Severity of clinical outcomes of COVID-19 in children in LMICs may be exacerbated by multiple factors, including limitations in healthcare systems, delayed presentation due to hesitancy to access services and lockdowns, and high prevalence of comorbidities.31 32 In South Africa, hospitalisations of children increased rapidly with the first Omicron wave, particularly in children aged 0–4 years.33 In six countries in sub-Saharan Africa, mortality was 8.3% in hospitalised children and adolescents with COVID-19, substantially higher than in high-income settings.34 Another assessment of COVID-19 incidence and deaths in 17 African countries in 2020 showed that paediatric cases comprised 9% of all cases and 2.4% of deaths, reflecting a much higher paediatric mortality than in high-income settings.35 Reports from India, Indonesia and Nepal also suggest that child mortality may be substantial, although these studies may be affected by reporting bias and no studies of mortality rates in LMICs have been published to date.36 37
COVID-19 vaccines for children and adolescents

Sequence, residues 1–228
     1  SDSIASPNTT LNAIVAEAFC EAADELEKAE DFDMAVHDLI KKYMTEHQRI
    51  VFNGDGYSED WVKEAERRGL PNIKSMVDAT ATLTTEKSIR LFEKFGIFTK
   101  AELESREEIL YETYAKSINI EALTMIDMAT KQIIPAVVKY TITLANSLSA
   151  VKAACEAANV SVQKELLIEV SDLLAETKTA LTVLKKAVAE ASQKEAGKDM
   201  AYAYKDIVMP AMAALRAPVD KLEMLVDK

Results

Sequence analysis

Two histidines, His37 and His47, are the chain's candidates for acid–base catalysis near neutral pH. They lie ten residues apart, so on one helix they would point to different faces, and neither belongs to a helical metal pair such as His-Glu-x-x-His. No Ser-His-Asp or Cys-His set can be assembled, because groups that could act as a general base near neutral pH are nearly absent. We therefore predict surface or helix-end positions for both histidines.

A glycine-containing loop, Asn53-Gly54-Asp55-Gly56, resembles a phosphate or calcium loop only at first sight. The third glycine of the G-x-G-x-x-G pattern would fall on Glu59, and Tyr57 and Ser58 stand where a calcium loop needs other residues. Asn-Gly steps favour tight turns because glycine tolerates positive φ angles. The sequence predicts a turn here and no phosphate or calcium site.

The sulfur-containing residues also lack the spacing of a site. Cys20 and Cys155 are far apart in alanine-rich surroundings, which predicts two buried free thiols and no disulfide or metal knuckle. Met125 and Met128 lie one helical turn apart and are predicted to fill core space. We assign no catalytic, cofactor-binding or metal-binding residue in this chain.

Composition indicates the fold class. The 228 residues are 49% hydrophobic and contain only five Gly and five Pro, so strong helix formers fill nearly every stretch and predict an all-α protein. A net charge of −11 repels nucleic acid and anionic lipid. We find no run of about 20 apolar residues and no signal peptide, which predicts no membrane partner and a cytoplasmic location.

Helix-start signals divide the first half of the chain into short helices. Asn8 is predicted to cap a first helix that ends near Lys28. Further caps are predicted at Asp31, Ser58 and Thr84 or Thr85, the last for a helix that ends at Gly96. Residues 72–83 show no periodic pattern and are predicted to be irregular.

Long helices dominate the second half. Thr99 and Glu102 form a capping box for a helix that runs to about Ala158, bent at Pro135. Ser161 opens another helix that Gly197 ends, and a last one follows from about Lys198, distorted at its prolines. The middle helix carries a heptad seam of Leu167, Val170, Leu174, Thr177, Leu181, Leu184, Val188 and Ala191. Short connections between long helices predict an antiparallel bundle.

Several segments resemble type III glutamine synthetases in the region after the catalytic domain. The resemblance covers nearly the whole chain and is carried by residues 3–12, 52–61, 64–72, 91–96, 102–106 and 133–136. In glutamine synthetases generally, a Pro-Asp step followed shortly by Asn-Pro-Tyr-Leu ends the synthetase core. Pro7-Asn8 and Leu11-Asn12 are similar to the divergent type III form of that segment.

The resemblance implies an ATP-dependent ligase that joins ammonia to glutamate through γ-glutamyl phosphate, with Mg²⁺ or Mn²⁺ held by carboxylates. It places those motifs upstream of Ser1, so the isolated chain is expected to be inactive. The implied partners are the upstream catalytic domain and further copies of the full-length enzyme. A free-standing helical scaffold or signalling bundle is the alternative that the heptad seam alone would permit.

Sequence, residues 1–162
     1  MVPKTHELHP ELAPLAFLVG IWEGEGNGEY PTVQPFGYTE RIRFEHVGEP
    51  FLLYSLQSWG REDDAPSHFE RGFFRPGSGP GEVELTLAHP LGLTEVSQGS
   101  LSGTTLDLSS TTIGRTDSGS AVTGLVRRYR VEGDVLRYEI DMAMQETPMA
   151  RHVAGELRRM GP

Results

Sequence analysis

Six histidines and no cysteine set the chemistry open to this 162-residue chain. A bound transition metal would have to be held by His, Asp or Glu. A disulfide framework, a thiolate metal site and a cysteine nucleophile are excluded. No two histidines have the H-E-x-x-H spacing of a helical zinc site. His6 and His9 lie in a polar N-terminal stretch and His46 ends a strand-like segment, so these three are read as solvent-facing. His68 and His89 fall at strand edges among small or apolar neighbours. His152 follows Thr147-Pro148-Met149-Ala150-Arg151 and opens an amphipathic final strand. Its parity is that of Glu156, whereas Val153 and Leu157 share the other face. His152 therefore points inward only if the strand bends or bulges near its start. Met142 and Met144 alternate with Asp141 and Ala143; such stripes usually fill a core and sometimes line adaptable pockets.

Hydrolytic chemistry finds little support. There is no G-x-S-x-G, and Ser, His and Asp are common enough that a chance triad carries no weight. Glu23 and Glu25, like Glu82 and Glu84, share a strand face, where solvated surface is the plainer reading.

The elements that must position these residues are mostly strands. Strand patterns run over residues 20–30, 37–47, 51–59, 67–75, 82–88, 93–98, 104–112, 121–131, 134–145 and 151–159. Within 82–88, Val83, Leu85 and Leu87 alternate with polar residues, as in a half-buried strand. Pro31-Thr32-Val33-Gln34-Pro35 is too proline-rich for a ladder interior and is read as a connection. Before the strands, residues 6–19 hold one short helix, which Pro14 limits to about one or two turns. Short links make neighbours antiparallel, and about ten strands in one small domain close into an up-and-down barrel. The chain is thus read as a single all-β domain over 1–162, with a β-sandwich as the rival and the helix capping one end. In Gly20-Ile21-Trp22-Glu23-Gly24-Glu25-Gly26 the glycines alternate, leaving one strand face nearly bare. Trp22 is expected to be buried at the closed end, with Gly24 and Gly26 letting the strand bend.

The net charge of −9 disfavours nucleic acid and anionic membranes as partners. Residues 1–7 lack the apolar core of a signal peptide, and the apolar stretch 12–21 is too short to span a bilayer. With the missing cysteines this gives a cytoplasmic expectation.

With the development of mRNA COVID-19 vaccines for children, most high-income countries (HICs) introduced these vaccines for adolescents and many for younger children. The WHO has authorised the Pfizer-BioNTech and Moderna vaccines for use in children aged 6 months and older. Both vaccines are approved for use in this age group in the USA. In the UK, Pfizer-BioNTech is also authorised in those aged 6 months and older and Moderna in those aged 6 years and older. The Novavax vaccine has been authorised for use in adolescents aged 12–17 years by the WHO and many countries, including the USA, the UK and Australia. The WHO recently authorised the Sinovac vaccine for use in children aged 3–17 years, making it the only inactivated vaccine authorised for children. The WHO recommends that children and adolescents who are at high risk should be offered COVID-19 vaccination, but that the priority remains to fully vaccinate older people, those with chronic health conditions and healthcare workers.38 As children have the lowest risk of severe disease, the vaccination of children and adolescents should always account for prioritisation of the elderly and other high priority groups and not affect supply chains or programmes for the administration of primary series and boosters in these groups.